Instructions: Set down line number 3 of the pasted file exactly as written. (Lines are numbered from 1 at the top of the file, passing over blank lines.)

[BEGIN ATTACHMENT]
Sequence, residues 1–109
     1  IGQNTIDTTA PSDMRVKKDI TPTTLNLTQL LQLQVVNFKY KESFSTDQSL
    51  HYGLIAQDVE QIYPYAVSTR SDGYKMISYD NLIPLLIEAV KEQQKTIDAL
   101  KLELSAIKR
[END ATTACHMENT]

    51  HYGLIAQDVE QIYPYAVSTR SDGYKMISYD NLIPLLIEAV KEQQKTIDAL